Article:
Explanation too, diverges from the identity model assumed by eliminativists. Some of the most ambitious experiments in neuroscience rely on interventions targeting biological factors. If such interventions result in differences in psychological outcomes, as contrasted with comparable controls, it may be inferred that biological factors are causally relevant to these psychological outcomes15,16. Nothing here demonstrates that psychological states are identical with (or, more generally, supervene on) biological states. If anything, according to standard causal metaphysics, controlled experiments can only demonstrate what psychological states are not identical with, namely the biological factors shown to causally impact on these states17.
The argument extends to mechanisms as well. Mechanisms are hypothesized or reconstructed by compiling knowledge about various causal determinants16,18,19. For example, the gate control neural circuitry explains why pain intensity subsides when we rub a smack, while the mechanism of action of ibuprofen explains its analgesic effects. Both explanations are unambiguously causal. The first mechanism posits that the simultaneous activation of nociceptors and thermomechanical sensors blocks the transmission of noxious signals to the brain20; the second, that ibuprofen inhibits the production of prostaglandins, which are known to sensitize spinal neurons to pain21. Likewise, one may argue that the recently discovered pattern of neural activity predicting whether a subject will report a heat stimulus as being painful or not22 refers to a putative mechanism of pain, not pain itself. It reveals which structures and patterns of brain activity should be monitored to measure pain or targeted by interventions in order to alter pain experience, but it doesn’t demonstrate the identity of pain with a biological activity.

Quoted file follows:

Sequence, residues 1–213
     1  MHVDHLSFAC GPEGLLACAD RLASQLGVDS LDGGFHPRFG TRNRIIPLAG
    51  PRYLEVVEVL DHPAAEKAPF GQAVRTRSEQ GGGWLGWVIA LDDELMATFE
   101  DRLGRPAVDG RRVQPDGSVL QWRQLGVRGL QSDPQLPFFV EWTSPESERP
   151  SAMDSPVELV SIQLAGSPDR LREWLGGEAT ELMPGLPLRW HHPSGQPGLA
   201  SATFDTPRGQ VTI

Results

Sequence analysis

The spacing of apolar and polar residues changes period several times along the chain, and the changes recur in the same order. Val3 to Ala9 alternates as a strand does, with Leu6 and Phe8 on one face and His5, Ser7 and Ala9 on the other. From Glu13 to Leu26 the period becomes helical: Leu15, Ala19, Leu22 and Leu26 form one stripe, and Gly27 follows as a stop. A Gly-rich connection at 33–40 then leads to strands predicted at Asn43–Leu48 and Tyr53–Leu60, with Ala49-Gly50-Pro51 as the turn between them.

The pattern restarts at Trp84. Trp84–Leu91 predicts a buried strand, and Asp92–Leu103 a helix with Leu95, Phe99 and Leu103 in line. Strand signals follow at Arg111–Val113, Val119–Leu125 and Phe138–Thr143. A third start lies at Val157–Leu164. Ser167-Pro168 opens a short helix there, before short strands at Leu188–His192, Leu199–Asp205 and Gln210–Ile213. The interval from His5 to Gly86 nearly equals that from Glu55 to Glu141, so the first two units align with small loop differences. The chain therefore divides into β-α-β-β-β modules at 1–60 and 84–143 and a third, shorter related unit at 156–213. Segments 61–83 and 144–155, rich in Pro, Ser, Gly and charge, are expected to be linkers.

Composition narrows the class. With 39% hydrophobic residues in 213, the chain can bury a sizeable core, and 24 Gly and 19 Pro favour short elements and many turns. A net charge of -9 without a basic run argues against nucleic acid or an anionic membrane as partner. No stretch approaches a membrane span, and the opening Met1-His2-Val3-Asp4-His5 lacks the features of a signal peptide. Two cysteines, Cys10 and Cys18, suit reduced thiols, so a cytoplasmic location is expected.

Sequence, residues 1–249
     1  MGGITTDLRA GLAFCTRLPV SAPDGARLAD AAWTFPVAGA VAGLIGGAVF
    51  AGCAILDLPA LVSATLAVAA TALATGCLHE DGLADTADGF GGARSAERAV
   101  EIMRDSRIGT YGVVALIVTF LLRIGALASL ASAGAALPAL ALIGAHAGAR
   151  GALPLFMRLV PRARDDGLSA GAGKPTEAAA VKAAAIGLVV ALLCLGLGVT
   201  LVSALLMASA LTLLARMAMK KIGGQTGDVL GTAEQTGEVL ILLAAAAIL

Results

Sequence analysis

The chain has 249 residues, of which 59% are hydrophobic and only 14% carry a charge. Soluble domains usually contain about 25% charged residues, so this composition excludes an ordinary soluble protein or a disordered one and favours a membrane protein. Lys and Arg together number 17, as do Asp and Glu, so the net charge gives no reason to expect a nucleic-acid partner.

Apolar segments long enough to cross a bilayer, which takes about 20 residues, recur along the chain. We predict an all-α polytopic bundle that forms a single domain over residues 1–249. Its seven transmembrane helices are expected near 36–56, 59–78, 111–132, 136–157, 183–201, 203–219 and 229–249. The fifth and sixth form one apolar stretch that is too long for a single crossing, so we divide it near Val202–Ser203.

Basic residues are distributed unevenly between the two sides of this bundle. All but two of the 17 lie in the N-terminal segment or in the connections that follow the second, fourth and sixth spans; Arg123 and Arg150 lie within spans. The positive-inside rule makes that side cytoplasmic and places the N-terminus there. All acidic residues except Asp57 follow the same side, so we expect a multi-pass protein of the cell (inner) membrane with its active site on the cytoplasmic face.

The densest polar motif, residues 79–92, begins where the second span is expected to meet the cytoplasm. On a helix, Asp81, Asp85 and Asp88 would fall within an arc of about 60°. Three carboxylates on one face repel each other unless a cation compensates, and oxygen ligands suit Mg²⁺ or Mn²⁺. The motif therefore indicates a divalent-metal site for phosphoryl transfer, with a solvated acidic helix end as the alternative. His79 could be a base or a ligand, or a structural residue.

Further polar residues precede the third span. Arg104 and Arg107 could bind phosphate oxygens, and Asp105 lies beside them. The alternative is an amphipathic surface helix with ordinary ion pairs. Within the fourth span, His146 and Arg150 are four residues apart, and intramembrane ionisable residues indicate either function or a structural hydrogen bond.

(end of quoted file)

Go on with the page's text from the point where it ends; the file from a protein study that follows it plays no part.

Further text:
The net result is an abundance of causal explanations and a lack of evidence for psychoneural identities. The gap between the explanatory project in neuroscience and the mind-brain identity assumption led some authors to abandon reductionism altogether and explicitly embrace a thoroughly causal metaphysical picture of reality in which physical and mental states are distinct and equally real causes and effects23. In its most familiar form, this amounts to epiphenomenalism about mental states. More generally, it refers to an exclusively causal model that precludes any form of reductive physicalism postulating non-causal relationships (supervenience) between biological and mental states.
Still, controlled experiments do not prove that psychological states are not identical with some biological activity either. Absence of evidence is not evidence for absence. It is mere lack of information, which can only justify agnosticism. Given that many psychological variables lack a clear physical interpretation (we don’t know what exactly we are measuring when we measure these variables), it is possible that two operationally defined variables, one psychological and one biological, refer to the same biological activity–as reductionists have it–, even though controlled experiments show that one variable is causally relevant to the other. It is therefore possible that as a physical interpretation of psychological variables emerges, an extended causal structure involving biological and psychological variables, such as those postulated by biopsychosocial models of pain24, will eventually collapse into a set of strictly biological mechanisms.
Interestingly enough, in this scenario, nothing needs to be eliminated. The starting point is that of agnosticism about the physical interpretation of certain psychological variables. This entails that the phenomenon of pain does not come with a built-in physical or metaphysical interpretation that needs to be subsequently eliminated. As for variables, correlations, and phenomena, they are all still there. A psychological and a biological variable may ultimately refer to the same biological factor, but this does not mean that the variables themselves are identical. They are still measured by different techniques, such that distinct observable outputs with distinct characteristics (different units, values, scales, etc.) are produced in virtue of the distinct inner workings of the techniques in question.
This work was supported by a start-up research budget from the Université du Québec à Trois-Rivières (Québec, Canada).